Ever since its reveal, there’s been an air of confusion surrounding Vampire: The Masquerade – Bloodhunt. Why take an IP that’s generally known for its vampires hiding their abilities to fit into and move around society only to give them AK47s and even more of a bloodlust than usual?
That’s a question that Sharkmob seems to get asked a lot, if the knowing smiles from marketing director André Persson and Sharkmob co-founder Martin Hultberg are anything to go by. “We went for Vampire: The Masquerade as soon as we understood it was an option for us,” Hultberg explains. “It felt like such an awesome opportunity, being long-time fans of the game. It also felt like a license with great potential for the game we wanted to create.”
Although reactions to Bloodhunt have largely shifted towards being more positive, Sharkmob was well aware of the backlash it was going to face when announcing the game, going as far as to say that it “expected” such a thing.
“Just the idea of a Vampire: The Masquerade game paired with a battle royale is controversial in itself for some fans,” Persson says. “It is traditionally a very introspective RPG experience about plotting and intrigue, with the threat of violence more than the actual promise of it, although, depending on who you played with, combat and violence could easily be a big part of the game. For us, it was simply awesome to get to explore that aspect of Vampire the Masquerade; what happens when diplomacy fails and the guns come out.”
As Persson mentions, the main reason why Bloodhunt has drawn so many raised eyebrows is because of how much it deviates from the tone that fans of the tabletop game know and love. Despite that, Sharkmob worked very closely with Paradox, the license holders behind Vampire: The Masquerade, to ensure that it fit respectfully into the established lore of the series. This relationship also made making changes to the battle royale formula so it better fit the series’ world a lot easier.
“The solid working relationship with the World of Darkness brand team over at Paradox made [making a battle royale] a bit easier,” Persson says. “It was a bit of give and take; sometimes we found the solution within the existing universe of Vampire the Masquerade and sometimes we had to work with the brand team to create a solution that fits within the framework they maintained. The gas for example, that shrinks the map, was one of the things custom created for our game. We based it on the existing lore of the Second Inquisition, more specifically tied it to the vampire hunters known as the Entity (also created by us specifically for Bloodhunt) and it has since made its way into the official rulebooks.”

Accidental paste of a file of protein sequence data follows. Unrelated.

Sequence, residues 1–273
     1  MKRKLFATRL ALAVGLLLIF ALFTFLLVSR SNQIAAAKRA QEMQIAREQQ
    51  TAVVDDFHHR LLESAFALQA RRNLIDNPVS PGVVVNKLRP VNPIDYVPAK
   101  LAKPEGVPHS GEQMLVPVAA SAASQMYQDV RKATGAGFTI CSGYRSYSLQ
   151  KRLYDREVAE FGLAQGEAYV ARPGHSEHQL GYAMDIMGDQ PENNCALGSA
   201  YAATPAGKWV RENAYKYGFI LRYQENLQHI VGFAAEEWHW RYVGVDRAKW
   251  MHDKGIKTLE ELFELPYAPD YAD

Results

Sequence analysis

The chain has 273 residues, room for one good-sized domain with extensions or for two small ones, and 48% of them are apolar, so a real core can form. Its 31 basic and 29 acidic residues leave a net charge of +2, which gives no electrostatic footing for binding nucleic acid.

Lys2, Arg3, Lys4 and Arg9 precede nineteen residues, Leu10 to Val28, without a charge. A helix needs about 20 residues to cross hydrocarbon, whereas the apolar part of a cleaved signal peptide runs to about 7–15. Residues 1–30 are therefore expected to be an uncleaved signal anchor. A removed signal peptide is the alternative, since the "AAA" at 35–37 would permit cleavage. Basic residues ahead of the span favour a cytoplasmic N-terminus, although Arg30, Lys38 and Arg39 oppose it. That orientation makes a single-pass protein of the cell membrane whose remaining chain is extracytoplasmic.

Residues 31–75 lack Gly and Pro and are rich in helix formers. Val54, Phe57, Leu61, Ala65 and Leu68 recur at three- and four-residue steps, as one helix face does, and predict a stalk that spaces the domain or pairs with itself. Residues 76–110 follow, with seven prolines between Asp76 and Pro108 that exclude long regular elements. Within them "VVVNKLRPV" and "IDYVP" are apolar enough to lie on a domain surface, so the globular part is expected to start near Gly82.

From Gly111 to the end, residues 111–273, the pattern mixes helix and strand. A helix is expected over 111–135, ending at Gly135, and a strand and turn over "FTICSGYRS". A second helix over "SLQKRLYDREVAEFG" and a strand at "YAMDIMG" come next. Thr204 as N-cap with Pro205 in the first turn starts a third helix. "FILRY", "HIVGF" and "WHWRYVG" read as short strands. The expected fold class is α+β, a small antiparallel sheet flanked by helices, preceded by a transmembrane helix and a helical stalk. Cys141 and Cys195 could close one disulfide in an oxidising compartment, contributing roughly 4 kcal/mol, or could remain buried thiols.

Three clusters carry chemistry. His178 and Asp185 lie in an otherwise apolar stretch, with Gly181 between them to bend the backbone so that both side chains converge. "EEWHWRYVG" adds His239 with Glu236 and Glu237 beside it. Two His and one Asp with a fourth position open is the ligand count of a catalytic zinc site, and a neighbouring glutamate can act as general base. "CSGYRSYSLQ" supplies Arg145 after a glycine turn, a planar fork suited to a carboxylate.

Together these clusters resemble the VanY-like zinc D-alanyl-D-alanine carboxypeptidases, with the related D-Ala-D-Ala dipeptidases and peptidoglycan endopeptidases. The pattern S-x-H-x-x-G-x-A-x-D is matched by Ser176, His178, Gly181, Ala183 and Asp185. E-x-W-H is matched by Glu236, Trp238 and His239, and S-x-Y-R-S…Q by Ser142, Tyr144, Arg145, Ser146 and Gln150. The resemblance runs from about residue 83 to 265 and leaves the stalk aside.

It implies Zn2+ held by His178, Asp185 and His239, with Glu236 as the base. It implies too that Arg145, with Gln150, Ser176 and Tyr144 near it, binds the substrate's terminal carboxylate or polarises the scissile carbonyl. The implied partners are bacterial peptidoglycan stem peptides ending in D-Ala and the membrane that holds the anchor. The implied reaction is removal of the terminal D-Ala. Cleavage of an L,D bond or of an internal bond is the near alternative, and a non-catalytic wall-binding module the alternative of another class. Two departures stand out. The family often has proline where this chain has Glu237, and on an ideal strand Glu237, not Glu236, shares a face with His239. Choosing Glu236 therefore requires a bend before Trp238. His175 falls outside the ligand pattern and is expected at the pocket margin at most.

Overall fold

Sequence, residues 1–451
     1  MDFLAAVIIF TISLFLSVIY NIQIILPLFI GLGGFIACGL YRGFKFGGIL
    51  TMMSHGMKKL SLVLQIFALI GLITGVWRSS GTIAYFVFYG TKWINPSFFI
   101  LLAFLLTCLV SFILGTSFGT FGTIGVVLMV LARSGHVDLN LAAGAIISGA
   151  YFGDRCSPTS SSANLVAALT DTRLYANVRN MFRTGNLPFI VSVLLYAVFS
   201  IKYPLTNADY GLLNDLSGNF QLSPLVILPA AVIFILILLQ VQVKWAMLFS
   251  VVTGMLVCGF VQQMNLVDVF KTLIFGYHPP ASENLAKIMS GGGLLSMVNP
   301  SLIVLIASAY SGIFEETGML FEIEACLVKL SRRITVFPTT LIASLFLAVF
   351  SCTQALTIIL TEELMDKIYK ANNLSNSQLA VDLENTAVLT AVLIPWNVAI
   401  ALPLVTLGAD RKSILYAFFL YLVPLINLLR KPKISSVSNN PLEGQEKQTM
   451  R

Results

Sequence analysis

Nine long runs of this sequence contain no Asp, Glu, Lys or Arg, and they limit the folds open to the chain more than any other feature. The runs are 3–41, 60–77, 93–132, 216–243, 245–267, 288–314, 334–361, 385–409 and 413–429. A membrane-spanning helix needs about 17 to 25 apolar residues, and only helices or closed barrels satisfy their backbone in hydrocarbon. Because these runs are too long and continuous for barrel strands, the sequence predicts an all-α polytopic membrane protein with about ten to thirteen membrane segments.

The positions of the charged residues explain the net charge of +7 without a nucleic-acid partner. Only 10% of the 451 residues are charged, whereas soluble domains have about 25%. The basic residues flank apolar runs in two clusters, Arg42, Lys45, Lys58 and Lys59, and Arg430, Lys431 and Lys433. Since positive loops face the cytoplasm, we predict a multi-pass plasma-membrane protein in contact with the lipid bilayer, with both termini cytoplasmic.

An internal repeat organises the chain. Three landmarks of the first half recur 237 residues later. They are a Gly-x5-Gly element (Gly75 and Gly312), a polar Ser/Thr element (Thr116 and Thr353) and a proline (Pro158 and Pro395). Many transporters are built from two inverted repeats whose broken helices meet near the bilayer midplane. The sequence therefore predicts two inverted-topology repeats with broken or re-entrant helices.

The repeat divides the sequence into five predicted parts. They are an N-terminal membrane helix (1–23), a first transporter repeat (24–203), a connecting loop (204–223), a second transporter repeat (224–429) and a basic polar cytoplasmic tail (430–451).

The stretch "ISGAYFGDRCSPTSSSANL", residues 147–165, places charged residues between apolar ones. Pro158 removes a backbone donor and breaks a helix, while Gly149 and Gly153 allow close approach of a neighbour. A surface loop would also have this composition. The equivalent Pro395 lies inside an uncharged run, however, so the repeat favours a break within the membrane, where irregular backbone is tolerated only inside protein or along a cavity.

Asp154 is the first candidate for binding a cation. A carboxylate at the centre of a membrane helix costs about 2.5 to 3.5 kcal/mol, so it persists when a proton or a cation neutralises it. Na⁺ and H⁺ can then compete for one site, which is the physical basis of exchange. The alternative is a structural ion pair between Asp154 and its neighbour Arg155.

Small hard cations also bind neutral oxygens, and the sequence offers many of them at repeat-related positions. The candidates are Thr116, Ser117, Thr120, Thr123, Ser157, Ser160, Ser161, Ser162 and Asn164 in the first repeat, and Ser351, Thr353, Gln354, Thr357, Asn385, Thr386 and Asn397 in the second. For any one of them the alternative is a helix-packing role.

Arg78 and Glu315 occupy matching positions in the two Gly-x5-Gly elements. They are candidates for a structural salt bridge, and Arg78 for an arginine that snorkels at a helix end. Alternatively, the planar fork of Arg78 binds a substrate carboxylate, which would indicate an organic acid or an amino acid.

One big change that Bloodhunt makes to the battle royale genre is taking place in a fictionalized version of a real city, in this case, Prague. While others take place on huge maps with distinct landmarks, Bloodhunt is much more singular in its focus and features one city with much more detail. According to Hultberg, Sharkmob was always sure that it wanted to use a European city, and that Prague was always at the very top of that list.
“We knew we wanted a European city because Vampire: The Masquerade traditionally has been so focused on the U.S.”, Hultberg explains. “Prague always was at the top of the list though, because it is such a fantastic mix of old and new with a rich history and legacy. It is also a place many have visited as tourists, which made it extra fun to bring to life in the game. As for future cities, only time will tell.”
The mention of content that’s still to come makes it clear that Sharkmob is planning ahead when it comes to Bloodhunt’s development, seemingly learning lessons from recent live service games that haven’t quite been able to keep up with demand. Hultberg explains how the team has adjusted to planning for the future while simultaneously working on what’s in front of them.
“The production reality requires that we plan and work ahead, to maintain a sustainable pace and put out timely content,” Hultberg says. “At the same time we want a certain degree of flexibility, so we can evolve the game together with the players. It is a tricky challenge, but an increasingly common one for many teams.”
As exciting as the impending launch of Bloodhunt is, there’s a vampiric elephant in the room whenever you talk about Vampire: The Masquerade and its gaming tie-ins – Bloodlines 2. After many years of development, Bloodlines 2 was recently delayed indefinitely and seems to have restarted development completely. Sharkmob commented on the game’s delay, saying that it had initially hoped that Bloodlines 2 would launch before Bloodhunt.
“We started development alongside the newest release of the tabletop RPG books and Bloodlines 2,” Persson explains. “There was always the plan that Bloodlines 2 would come out first to satisfy the needs of the RPG fans and we could come out after with a more mainstream, action-focused experience. Now, as we know this plan didn’t survive contact with reality and instead we came out first. The two games were always completely separate in terms of production though, so the things they were going through had very little impact on our team.”
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